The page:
BOLD fMRI and DTI in strabismic amblyopes following occlusion therapy
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Evaluation of brain cluster activation using the functional magnetic resonance imaging (fMRI) and diffusion tensor imaging (DTI) was sought in strabismic amblyopes. In this hospital-based case–control cross-sectional study, fMRI and DTI were conducted in strabismic amblyopes before initiation of any therapy and after visual recovery following the administration of occlusion therapy. FMRI was performed in 10 strabismic amblyopic subjects (baseline group) and in 5 left strabismic amblyopic children post-occlusion therapy after two-line visual improvement. Ten age-matched healthy children with right ocular dominance formed control group. Structural and functional MRI was carried out on 1.5T MR scanner. The visual task consisted of 8 Hz flickering checkerboard with red dot and occasional green dot. Blood-oxygen-level-dependent (BOLD) fMRI was analyzed using statistical parametric mapping and DTI on NordicIce (NordicNeuroLab) softwares. Reduced occipital activation was elicited when viewing with the amblyopic eye in amblyopes. An ‘ipsilateral to viewing eye’ pattern of calcarine BOLD activation was observed in controls and left amblyopes. Activation of cortical areas associated with visual processing differed in relation to the viewing eye. Following visual recovery on occlusion therapy, enhanced activity in bilateral hemispheres in striate as well as extrastriate regions when viewing with either eye was seen. Improvement in visual acuity following occlusion therapy correlates with hemodynamic activity in amblyopes.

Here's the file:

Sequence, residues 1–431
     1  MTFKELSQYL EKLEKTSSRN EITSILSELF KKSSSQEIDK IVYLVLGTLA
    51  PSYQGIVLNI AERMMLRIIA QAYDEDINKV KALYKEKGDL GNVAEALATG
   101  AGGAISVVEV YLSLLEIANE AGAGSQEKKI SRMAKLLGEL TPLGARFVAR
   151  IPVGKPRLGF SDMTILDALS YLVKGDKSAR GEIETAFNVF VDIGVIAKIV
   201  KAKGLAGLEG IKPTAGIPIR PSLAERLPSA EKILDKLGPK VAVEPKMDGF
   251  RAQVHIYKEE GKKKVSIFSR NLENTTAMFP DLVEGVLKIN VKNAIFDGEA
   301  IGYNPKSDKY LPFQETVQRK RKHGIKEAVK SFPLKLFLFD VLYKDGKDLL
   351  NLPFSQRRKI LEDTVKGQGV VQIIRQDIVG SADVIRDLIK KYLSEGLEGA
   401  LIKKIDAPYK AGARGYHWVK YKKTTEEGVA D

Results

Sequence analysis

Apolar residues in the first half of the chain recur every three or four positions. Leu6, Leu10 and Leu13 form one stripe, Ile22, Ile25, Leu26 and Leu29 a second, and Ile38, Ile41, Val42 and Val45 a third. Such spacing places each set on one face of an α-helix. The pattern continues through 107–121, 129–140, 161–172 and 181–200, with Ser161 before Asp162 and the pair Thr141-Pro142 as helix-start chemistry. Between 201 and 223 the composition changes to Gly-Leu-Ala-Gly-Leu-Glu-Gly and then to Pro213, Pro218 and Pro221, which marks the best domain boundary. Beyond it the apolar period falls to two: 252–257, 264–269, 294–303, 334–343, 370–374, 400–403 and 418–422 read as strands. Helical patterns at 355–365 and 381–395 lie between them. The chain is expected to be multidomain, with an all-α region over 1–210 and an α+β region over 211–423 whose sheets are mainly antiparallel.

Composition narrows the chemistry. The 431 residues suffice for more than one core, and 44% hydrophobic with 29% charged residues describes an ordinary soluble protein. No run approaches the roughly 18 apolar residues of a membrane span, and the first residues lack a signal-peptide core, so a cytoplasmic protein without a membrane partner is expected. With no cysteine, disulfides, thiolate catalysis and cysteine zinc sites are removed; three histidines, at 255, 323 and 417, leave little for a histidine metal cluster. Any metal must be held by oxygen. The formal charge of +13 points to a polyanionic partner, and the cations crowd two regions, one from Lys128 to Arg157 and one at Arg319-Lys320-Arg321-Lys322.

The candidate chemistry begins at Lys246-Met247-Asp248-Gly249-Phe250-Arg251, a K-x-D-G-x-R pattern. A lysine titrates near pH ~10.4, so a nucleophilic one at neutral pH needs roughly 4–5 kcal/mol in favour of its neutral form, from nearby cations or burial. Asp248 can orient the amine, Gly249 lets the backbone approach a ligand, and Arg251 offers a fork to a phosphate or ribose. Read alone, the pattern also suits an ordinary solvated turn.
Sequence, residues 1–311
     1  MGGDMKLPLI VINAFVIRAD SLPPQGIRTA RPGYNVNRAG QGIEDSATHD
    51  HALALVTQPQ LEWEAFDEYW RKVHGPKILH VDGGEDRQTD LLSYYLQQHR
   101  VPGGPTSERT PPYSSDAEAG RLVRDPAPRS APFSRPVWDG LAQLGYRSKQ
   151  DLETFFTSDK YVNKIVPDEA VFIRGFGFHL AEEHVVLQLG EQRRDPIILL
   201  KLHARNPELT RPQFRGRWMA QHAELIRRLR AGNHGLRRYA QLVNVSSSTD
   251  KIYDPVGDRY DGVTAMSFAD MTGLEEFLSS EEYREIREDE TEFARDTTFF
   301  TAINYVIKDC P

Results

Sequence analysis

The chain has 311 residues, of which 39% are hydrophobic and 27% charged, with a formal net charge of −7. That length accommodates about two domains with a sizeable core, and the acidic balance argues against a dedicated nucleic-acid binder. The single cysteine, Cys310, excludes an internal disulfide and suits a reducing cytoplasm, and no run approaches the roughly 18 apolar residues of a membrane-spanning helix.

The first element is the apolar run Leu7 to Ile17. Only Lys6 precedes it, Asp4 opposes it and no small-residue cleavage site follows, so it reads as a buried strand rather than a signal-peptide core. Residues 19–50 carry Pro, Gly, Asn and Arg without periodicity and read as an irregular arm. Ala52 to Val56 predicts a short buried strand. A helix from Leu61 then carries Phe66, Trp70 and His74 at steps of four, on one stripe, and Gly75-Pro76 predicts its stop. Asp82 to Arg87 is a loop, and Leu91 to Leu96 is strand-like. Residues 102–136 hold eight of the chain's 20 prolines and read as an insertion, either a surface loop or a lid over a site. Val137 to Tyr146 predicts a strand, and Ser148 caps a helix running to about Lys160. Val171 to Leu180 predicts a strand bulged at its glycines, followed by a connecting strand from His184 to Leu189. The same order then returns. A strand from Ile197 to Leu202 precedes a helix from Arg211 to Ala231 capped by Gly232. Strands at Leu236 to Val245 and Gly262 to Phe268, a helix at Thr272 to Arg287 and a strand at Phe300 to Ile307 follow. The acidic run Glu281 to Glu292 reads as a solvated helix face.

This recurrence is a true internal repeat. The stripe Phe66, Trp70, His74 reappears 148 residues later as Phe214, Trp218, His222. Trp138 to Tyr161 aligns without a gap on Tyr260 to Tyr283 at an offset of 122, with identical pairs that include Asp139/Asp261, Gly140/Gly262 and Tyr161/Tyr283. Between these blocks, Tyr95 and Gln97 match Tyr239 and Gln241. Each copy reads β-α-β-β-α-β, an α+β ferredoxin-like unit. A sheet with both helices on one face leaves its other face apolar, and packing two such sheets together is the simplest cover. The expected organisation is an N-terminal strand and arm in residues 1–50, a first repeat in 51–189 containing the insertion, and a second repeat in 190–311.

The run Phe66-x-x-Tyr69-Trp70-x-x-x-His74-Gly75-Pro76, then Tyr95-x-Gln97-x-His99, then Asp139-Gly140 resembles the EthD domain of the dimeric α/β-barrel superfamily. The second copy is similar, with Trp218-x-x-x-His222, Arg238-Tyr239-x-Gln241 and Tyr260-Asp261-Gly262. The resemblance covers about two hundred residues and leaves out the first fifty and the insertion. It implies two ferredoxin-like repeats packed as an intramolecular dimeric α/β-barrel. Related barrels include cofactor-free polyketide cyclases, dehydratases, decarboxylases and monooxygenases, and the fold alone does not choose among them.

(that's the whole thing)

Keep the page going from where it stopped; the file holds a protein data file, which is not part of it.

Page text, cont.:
KeywordsFMRI Strabismic amblyopes DTI Occlusion therapy
Functional magnetic resonance imaging
Diffusion tensor imaging
Blood oxygen level dependent
Statistical parametric mapping
Lateral geniculate nucleus
Echo planar imaging
Flickering checkerboard with red dot and occasional green dot
Analysis of variance
Region of interest
Compliance with ethical standards
Conflict of interest
The authors disclose they have no potential conflicts of interest.
The study was approved by the institutional ethics committee and adheres to the tenets of declaration of Helsinki (1964) and its later amendments.
This article does not contain any studies with animals performed by any of the authors.
Informed consent was obtained from all individual participants/their parents included in this study.
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